UPDATE - Identity and access management services provider Okta said that threat actors used a stolen credential in order to access its support case management system, allowing them to view files related to support cases that were uploaded by certain customers.
Okta's initial Oct. 19 advisory said that HTTP Archive (HAR) files were impacted in the compromise. These files, which help with troubleshooting for issues by logging website interactions, contain sensitive data like cookies and session tokens. Okta warned that threat actors can use this type of stolen data to impersonate users. The breach impacted 134 Okta customers, which is less than 1 percent of its customer base, said Okta. Of these, the threat actor was able to use stolen session tokens to hijack the legitimate Okta sessions of five customers, according to Okta in a Nov. 3 update to the advisory.
"The unauthorized access to Okta’s customer support system leveraged a service account stored in the system itself," said David Bradbury, CSO at Okta in the Nov. 3 update. "This service account was granted permissions to view and update customer support cases. During our investigation into suspicious use of this account, Okta Security identified that an employee had signed-in to their personal Google profile on the Chrome browser of their Okta-managed laptop. The username and password of the service account had been saved into the employee’s personal Google account. The most likely avenue for exposure of this credential is the compromise of the employee’s personal Google account or personal device."
Okta, which provides authentication and single sign-on services for thousands of businesses and government agencies globally, said that its production Okta service and Auth0/CIC case management system are not impacted.
“Okta has worked with impacted customers to investigate, and has taken measures to protect our customers, including the revocation of embedded session tokens,” according to the initial Okta security advisory. “In general, Okta recommends sanitizing all credentials and cookies/session tokens within a HAR file before sharing it.”
Okta in its update said that 1Password was the first company to report suspicious activity to Okta support on Sept. 29. In its own advisory, 1Password also said that it detected suspicious activity on its Okta instance that it uses to manage employee-facing apps, which it said was a result of the Okta support systems breach. 1Password said that it terminated the activity and found no compromise of user data.
BeyondTrust, meanwhile, said that it first detected suspicious behavior stemming from Okta's breach on Oct. 2. According to BeyondTrust, that day an attacker used a session cookie from a support ticket in the breached support case management system in order to attempt to perform actions in the BeyondTrust Okta environment.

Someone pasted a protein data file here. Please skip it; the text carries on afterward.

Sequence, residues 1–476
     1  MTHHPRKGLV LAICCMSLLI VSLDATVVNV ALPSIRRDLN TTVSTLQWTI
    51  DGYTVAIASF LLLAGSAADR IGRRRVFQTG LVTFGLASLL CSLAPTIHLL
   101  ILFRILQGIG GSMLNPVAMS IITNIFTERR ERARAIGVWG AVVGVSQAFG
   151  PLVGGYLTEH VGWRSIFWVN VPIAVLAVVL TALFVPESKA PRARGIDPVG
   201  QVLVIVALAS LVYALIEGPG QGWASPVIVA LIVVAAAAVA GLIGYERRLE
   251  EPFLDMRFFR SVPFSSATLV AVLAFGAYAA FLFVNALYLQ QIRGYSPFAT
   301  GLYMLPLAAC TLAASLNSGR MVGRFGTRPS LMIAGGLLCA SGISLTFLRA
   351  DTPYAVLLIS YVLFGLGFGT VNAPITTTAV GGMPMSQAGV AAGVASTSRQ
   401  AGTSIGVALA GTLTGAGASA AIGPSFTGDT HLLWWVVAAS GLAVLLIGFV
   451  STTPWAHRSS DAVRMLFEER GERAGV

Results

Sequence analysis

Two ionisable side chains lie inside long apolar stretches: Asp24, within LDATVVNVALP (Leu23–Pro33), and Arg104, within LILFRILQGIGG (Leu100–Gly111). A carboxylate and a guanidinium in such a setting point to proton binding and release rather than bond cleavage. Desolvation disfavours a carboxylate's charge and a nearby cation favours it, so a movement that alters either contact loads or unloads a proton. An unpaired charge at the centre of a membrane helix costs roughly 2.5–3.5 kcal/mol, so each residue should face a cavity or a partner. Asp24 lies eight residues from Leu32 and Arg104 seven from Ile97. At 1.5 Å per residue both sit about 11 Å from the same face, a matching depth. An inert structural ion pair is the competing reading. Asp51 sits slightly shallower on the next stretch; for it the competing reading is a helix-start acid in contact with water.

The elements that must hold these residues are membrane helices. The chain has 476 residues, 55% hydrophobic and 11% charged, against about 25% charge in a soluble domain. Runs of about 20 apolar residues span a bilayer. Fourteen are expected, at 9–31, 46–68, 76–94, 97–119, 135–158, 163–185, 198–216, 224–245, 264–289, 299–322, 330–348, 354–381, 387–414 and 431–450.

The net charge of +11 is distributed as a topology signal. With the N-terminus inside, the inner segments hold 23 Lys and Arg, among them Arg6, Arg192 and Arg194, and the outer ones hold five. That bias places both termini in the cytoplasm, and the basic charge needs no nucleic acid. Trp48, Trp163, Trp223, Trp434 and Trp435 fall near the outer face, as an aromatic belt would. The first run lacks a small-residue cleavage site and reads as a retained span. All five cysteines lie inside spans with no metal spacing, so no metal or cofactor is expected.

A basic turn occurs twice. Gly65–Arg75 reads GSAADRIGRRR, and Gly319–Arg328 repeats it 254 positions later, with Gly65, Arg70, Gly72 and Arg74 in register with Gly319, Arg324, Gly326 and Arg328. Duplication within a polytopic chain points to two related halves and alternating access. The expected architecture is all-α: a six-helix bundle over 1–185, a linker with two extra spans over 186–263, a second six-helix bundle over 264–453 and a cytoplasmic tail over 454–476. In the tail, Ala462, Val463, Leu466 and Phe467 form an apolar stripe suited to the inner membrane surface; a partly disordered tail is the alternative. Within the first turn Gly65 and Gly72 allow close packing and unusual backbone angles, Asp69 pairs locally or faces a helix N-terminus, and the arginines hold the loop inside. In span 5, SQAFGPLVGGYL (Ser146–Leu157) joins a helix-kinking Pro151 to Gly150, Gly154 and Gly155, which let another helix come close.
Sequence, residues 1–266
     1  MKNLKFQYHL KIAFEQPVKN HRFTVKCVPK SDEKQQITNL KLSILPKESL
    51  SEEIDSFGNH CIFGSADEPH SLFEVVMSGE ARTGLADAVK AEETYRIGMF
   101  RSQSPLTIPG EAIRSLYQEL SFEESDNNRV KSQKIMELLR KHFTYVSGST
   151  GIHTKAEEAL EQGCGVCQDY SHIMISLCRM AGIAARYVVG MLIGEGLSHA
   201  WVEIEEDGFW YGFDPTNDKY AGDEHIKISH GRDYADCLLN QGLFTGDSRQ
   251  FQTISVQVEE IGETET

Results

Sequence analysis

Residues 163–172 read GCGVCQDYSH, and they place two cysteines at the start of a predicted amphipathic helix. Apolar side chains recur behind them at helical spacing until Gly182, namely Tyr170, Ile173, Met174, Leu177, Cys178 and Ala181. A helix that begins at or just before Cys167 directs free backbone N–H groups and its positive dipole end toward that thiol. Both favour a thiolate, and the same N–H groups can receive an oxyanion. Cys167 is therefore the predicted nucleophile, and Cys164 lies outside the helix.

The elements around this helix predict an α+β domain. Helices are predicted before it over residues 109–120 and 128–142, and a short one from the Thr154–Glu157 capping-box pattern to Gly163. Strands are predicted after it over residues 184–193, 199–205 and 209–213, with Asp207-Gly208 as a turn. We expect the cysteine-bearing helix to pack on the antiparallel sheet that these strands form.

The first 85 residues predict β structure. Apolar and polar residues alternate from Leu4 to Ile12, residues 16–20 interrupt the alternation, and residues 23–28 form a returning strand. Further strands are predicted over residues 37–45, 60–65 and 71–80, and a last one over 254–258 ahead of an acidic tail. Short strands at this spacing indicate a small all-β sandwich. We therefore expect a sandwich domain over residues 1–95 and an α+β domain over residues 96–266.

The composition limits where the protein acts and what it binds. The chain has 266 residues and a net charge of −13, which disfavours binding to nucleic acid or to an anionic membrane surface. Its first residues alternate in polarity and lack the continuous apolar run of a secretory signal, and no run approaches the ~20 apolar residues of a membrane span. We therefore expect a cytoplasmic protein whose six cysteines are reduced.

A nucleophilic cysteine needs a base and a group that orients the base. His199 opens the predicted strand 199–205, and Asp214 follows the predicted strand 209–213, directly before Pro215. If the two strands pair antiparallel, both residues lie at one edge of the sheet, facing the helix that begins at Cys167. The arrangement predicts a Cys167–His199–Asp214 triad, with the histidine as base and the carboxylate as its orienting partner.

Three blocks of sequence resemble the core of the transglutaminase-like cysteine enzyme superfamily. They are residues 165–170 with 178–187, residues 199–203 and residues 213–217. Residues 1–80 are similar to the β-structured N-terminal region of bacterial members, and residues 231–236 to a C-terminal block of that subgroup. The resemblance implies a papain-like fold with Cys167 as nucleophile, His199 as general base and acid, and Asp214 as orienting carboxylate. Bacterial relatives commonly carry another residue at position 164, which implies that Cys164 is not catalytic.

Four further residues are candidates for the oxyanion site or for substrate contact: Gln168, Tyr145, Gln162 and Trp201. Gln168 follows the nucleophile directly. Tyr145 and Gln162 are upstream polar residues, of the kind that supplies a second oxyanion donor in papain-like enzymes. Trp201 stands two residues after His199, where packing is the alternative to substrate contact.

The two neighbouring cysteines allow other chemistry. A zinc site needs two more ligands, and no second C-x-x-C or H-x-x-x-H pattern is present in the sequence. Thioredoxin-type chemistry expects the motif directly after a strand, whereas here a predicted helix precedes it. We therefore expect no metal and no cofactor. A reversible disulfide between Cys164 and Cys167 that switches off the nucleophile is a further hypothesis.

“BeyondTrust’s custom policies around admin console access initially blocked them, but they pivoted to using admin API actions authenticated with the stolen session cookie,” according to BeyondTrust. “API actions cannot be protected by policies in the same way as actual admin console access. Using the API, they created a backdoor user account using a naming convention like existing service accounts.”
After detecting these suspicious actions, BeyondTrust disabled the backdoor user account and revoked the attacker’s access. By now BeyondTrust had started to put the pieces together that these actions were part of an identity-centric attack on the in-house Okta administrator account, and had also found forensics supporting a compromise within the Okta support organization.
For Cloudflare, the company said that threat actors were able to use a compromised authentication token in order to pivot into Cloudflare’s Okta instance. Cloudflare said that the attack happened on Oct. 18.
Though 1Password, BeyondTrust and a third customer reported suspicious activity to Okta in the weeks following Sept. 29, Okta did not confirm an internal breach until Oct. 19.
Okta has released IoCs and notified other potentially impacted customers, and BeyondTrust also highlighted various recommendations and attacker tactics used in the attack.
“Modern identity-based attacks can be complex, and as this attack shows, can originate from environments outside your own,” according to BeyondTrust's advisory. “Good specific policies and internal controls are necessary to limit things like how HAR files are shared. Defense in depth is important though. The failure of a single control or process should not result in breach. Here, multiple layers of controls -- e.g. okta sign on controls, identity security monitoring, and so on, prevented a breach.”
The breach is the latest in a string of security incidents impacting Okta over the past year. Last year, the company said that a breach at one of its third-party contractors led to attackers from the Lapsus$ group accessing some customer information. And in a seperate incident in 2022, Okta said threat actors had accessed its source code after compromising its GitHub repositories.
This article was updated on Nov. 3 to reflect further information from Okta on the breach.